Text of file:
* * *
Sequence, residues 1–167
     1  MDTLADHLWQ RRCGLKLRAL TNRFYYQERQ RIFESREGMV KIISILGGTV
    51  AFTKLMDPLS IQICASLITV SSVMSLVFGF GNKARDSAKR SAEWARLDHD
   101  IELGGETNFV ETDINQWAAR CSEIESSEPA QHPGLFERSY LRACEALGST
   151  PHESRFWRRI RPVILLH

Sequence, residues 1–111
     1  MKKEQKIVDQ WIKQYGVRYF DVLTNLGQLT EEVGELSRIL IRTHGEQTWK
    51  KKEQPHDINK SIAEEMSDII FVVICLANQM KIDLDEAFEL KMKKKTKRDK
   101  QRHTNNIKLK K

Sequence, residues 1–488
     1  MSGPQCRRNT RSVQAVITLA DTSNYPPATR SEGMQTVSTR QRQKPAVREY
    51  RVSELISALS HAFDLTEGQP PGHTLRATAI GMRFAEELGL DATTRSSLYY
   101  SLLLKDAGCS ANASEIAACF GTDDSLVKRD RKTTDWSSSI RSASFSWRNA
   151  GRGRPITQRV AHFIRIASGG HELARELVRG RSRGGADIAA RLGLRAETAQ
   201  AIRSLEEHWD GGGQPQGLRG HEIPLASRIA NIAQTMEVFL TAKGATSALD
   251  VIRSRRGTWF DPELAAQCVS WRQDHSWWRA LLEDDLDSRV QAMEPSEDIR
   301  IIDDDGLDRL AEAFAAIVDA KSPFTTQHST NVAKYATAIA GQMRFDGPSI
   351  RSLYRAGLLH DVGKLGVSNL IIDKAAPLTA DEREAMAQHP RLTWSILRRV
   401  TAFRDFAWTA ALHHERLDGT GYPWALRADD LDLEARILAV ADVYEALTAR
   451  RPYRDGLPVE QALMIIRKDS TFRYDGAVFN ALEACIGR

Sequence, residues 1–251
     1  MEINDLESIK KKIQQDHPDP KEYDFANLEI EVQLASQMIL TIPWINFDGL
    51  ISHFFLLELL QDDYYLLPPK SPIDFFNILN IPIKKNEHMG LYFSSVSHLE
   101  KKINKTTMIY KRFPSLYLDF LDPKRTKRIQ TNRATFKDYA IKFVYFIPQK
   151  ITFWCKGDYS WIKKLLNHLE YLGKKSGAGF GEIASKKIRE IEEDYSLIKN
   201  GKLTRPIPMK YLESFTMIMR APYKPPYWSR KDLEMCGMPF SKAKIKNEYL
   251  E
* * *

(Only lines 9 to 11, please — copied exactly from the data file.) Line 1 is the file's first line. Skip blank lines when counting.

   101  QRHTNNIKLK K

Sequence, residues 1–488
     1  MSGPQCRRNT RSVQAVITLA DTSNYPPATR SEGMQTVSTR QRQKPAVREY